I am a member of Save Our Circle. I think that most members of SOC are residents of Orleans Parish or otherwise have close connections to New Orleans. Have you ever considered that many people who presently live in St. Tammany Parish, Jefferson Parish or elsewhere might prefer to live in New Orleans (because it is a charming city) except for the fact that it is one of the most dangerous and crime-ridden cities in the United States?

I was born in New Orleans and lived there all of my life but presently live in Cuenca, Ecuador, a city with about the same population as New Orleans but about one-tenth of the murders. After having been the victim of attempted armed robbery in New Orleans, after my cousin was carjacked at gunpoint, after my elderly neighbor was bludgeoned to death with a hammer, after my friend’s daughter was kidnapped and taken into a housing project and raped, after an acquaintance was murdered coming out of Jazz Fest, I decided that New Orleans is a very dangerous place to live or visit.

It is in everyone’s interest to stop the insanity that is now occurring in New Orleans no matter where they live because that insanity is not just a local problem but a national problem, which will continue to grow if not recognized for what it is. When I grew up in New Orleans in the 1950s and 1960s, murder, rape, armed robbery and home invasions hardly ever happened. Now, they seem a daily, if not hourly occurrence.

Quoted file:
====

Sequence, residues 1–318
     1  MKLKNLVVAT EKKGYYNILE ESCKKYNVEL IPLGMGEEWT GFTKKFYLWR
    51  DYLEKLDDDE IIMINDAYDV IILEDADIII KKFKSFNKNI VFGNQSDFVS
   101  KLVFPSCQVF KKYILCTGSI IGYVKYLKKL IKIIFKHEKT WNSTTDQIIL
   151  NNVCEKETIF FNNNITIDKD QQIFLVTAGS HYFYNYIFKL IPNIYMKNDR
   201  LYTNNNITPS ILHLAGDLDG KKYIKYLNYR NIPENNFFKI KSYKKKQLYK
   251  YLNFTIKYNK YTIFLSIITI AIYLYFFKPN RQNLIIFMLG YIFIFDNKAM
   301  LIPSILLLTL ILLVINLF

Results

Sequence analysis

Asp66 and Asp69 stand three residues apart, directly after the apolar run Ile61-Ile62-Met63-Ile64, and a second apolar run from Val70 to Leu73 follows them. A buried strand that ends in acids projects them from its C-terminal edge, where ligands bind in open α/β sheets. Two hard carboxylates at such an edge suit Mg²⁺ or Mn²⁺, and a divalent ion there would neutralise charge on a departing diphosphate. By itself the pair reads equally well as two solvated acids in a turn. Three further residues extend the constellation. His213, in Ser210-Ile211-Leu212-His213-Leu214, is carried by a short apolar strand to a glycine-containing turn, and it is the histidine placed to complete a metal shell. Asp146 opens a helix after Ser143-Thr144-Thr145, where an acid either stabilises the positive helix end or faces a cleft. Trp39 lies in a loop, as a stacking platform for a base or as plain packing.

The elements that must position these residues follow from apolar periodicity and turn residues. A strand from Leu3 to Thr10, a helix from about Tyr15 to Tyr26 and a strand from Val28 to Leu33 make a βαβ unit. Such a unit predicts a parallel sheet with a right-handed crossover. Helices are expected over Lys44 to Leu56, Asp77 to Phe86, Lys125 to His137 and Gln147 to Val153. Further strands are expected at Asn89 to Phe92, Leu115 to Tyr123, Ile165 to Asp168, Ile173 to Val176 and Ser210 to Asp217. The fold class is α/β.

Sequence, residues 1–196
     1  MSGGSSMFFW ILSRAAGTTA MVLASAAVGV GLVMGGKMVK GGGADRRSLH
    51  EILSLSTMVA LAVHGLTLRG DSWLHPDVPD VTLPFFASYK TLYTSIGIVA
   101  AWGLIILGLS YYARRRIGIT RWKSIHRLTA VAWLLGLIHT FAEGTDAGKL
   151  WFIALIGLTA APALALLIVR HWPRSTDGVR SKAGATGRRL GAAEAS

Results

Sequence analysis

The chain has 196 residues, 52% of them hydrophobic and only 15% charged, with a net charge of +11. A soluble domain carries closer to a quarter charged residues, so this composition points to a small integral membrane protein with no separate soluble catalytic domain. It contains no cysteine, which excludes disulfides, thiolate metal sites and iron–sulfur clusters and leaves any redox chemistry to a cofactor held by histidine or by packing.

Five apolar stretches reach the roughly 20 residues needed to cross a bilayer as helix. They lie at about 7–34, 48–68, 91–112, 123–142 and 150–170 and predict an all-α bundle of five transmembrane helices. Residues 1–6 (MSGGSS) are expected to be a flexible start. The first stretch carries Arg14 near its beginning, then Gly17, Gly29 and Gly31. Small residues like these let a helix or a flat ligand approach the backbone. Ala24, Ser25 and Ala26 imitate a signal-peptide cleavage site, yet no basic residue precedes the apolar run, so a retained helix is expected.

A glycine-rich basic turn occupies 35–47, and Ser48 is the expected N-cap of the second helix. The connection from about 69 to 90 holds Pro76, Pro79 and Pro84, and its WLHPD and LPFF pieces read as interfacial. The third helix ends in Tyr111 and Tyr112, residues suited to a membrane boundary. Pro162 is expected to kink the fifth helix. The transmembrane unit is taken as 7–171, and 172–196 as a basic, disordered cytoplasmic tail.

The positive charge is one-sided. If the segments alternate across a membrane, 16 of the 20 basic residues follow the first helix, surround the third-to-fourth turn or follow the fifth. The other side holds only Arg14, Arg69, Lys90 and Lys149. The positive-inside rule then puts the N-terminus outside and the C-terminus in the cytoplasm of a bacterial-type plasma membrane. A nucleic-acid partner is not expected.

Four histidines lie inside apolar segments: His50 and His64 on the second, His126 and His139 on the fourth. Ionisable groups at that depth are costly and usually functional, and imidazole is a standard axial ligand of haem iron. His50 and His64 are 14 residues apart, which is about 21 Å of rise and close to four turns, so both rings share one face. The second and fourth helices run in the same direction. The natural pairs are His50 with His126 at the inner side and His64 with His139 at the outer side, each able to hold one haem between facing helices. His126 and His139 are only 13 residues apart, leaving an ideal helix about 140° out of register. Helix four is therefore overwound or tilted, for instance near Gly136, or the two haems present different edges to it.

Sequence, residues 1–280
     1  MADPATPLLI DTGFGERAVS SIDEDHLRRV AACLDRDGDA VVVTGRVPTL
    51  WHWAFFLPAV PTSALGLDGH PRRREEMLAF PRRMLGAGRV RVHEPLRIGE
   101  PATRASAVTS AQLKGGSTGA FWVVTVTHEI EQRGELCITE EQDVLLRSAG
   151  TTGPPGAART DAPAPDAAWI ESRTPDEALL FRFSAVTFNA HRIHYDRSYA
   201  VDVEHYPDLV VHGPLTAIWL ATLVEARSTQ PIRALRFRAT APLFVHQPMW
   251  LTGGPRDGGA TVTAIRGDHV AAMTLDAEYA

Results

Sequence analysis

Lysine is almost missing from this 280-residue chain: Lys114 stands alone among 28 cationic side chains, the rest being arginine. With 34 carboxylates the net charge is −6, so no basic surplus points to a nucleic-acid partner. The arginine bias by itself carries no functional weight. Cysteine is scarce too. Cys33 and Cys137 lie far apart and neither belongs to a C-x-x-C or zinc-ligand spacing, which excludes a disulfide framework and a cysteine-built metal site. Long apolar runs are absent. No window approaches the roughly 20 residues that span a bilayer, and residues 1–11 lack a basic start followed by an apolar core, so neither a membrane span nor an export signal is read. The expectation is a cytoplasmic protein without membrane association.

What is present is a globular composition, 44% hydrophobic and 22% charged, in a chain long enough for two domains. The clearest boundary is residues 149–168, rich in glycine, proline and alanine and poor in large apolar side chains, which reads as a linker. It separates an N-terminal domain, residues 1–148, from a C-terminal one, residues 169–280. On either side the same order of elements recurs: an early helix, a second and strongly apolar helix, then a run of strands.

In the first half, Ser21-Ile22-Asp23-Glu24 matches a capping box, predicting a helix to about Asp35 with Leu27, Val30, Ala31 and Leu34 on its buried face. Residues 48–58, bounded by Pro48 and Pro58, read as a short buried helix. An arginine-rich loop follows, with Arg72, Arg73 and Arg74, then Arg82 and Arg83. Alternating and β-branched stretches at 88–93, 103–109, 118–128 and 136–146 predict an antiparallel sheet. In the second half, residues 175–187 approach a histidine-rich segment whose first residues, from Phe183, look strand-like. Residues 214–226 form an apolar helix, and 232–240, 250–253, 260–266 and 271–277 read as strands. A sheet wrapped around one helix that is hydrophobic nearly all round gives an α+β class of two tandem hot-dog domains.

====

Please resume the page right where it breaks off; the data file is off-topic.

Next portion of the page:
I think it fair to say that Mayor Mitch Landrieu knows exactly what he is doing in creating a so-called “monuments controversy” to distract from the fact that his record on crime prevention has been an abysmal failure. Like many other politicians, he fails to address the root causes of crime. Otherwise, he would also be championing the renaming of his alma mater, Loyola University, named after a Catholic theologian who taught that slavery was a means of protecting and serving the poor and who founded a religious order that was one of the major slave holders in colonial Louisiana.

If New Orleans’ monuments are so controversial, why are the same people who desecrated and protested the Beauregard, Lee, Davis, Jackson, White, Bienville and Liberty Place monuments not also protesting against the monument for Martin Luther King Jr., who was named after a Protestant theologian who openly called for the genocide and enslavement of Jews or against the Buffalo Soldier monument erected in honor of African-Americans who helped the U.S. Army commit genocide against Native Americans? Why has there been no call for reparations being paid by the descendants of the numerous African-Americans who owned slaves or who fought for the Confederacy?

David Naccari

retired educator

Cuenca, Ecuador